The night before he had wanted salad, but it was a no-go. So tonight was to be fried chicken on a bed of lettuce. 
Easy enough, right? Yeah, you would think so. 

I thawed and started frying the chicken. I'm hurrying. Boiling eggs and frying the chicken.
When you've got kids hovering like vultures, you hurry.  Flour everywhere. Tyler ran to the store to get lettuce, tomatoes, and cheese. He would be back in just a couple of minutes. Until he wasn't.

He called.
Tyler: I hope you can make a salad with cabbage. 
Me: No, I can't. 
Tyler: Well, I have cabbage. 
Me: Just run back in there and grab lettuce, babe.
Tyler: This place is crazy busy. I don't want to wait in line for 1500 people. 
Me: Dude, it can't be that bad. Just get the lettuce. 
Tyler: I'm going to the other store.

The other store is across town
I'm still frying the chicken.

He called.
Tyler: What is going on in town?! It's busy! I would have to park on the highway to get into the store. 
Me: I have no idea.
Tyler: Can't you just use cabbage? It's still a leaf.
Me: No, I can't. I can't eat a salad out of cabbage. No way, man. 
Tyler: What's another store?
Me: You know the stores, just get the lettuce!

He brings home the tomatoes, the cheese, and the damn head of cabbage. 

Tyler: I'm done. 
Me: Please! Please go get some lettuce. There's the little store just up the road. Run in there. I'll have all of this ready. Now, go kid!

Off he went. 
He came right back. 
He came right back with ANOTHER head of cabbage. 

Shit.

Seriously. I laughed and couldn't even believe it. Poor kid.

He pulls a leaf off and says how good it is. It will work, he says. It's fine, he says. But I just can't.
I throw my shoes on and head to the first store he went to. What do ya know. They don't have any heads of lettuce. So, a bag of the good leafy bunch it is. Better anyway.

I get back. Finally. There is lettuce in da house!! I instantly have swag. 
I'm washing the lettuce, ripping it into a bowl, tomatoes are cut, eggs are boiled, peeled and halved. A lemon is ready to be squeezed. Tyler grabbed a bag of shredded cheddar out of the fridge and put it on his bowl of lettuce. His big bowl that we searched cabinets for to find the right one. A good big bowl. These were big salads we were getting into, you guys.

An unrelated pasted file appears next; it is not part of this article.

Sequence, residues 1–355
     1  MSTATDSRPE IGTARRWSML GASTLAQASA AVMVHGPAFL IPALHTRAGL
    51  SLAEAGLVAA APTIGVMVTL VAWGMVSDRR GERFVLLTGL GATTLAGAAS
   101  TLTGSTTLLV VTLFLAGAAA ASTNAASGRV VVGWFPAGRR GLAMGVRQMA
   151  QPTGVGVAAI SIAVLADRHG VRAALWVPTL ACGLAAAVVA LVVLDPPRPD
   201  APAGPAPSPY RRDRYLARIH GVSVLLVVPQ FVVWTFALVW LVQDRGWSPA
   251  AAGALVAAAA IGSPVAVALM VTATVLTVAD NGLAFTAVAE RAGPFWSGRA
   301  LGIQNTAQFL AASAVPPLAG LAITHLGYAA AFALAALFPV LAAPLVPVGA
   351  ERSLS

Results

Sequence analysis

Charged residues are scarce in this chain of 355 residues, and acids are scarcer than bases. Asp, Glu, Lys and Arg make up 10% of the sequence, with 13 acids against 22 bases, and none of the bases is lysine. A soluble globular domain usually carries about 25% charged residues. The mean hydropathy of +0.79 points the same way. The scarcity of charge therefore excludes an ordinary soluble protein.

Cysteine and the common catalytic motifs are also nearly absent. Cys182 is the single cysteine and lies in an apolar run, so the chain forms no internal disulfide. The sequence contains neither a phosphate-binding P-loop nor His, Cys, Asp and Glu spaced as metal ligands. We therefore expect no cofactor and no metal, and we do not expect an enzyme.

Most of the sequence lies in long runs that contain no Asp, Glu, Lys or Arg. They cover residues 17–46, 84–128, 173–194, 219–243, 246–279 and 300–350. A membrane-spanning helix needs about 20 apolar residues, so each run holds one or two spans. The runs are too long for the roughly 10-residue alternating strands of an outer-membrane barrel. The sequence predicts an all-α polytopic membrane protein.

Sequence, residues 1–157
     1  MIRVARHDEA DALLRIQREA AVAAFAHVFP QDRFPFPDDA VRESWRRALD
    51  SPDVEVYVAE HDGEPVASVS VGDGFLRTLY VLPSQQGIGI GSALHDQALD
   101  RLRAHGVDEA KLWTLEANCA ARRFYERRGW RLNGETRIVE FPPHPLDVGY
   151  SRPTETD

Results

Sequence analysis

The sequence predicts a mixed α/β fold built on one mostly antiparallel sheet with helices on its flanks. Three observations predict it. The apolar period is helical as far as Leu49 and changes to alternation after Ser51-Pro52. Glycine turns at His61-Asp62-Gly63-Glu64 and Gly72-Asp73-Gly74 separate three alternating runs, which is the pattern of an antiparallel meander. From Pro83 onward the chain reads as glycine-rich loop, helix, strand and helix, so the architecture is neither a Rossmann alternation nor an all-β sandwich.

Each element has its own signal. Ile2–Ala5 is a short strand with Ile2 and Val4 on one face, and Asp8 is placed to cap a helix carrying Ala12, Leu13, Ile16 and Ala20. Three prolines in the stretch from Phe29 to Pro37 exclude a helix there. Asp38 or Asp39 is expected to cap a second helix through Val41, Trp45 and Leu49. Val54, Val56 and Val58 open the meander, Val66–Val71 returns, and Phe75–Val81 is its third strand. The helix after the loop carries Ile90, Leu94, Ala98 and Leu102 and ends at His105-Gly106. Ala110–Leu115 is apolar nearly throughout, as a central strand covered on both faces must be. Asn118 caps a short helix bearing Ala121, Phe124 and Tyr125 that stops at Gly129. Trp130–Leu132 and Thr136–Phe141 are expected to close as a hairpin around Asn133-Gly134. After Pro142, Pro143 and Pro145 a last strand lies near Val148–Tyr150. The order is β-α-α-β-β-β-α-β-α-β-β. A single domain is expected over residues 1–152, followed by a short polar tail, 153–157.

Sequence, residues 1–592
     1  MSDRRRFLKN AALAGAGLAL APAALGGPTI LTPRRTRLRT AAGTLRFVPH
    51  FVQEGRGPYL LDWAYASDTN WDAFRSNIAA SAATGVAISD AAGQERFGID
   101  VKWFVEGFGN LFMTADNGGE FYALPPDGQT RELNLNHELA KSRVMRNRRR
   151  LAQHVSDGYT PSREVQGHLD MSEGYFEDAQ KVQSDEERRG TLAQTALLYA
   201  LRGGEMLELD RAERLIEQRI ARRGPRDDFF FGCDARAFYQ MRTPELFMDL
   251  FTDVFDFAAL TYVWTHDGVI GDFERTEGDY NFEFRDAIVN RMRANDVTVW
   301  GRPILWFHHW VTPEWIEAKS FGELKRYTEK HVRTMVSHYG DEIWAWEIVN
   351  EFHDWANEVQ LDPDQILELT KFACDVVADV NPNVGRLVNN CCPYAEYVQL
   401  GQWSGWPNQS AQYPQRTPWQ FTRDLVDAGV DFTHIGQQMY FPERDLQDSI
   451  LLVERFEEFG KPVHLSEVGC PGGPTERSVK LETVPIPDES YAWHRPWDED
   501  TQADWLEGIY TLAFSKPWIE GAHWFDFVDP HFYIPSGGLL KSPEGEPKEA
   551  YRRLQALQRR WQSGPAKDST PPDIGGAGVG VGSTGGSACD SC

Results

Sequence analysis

Tyler: Uh, will this kill me?
Me: What? 
Tyler: Just smell this. Is this right? This isn't right. 

I smell it, and that cheese is no good.

ARE THE GODS OF LETTUCE TRYING TO STOP THIS MEAL? ARE WE DOOMED TO EAT THIS?? 

Yes, I'm yelling. Waving outstretched fists into the air. Yelling and laughing. It's just all gotten totally very ridiculous.
It's on it's way to bleu cheese, I say. Hold on just a second, I say. I'll fix it, I say. 

I wash his bowl of lettuce, again, putting piece by piece back into the huge bowl holding all of the lettuce, because damn. I'll about kill somebody over some lettuce at this point. And then I gathered all of the egg shells and lettuce stalks (stalks? are they stalks?) out of the sink and straight into his salad bowl, without realizing it. 

Me: OK, bub, it's all good now. Start over. 
Tyler: You put all of the trash in my bowl?
Me: Well shit!! 

I laugh like a tired lunatic, and his grin flashed across his face the way it does. 
(Love that grin, by the way) 

It had become a mission. And let me just say... Mission Accomplished. 



At around 5:30, the salad was pretty great.

-Angie


Tuesday, April 8, 2014

exhibit a



I always took a book to ward off the chatty parents. There were some extremely talkative parents there, mostly the moms. Mostly gossip. 

When I would take Jolie to her gymnastics class, there was a little room with a few rows of chairs for us parents to watch our kids through a large mirrored glass. 

I watched Jolie, but had my nose ready to be in the book if needed. I'm sorry, I can't help it. I'm not a big talker of shopping or of other people.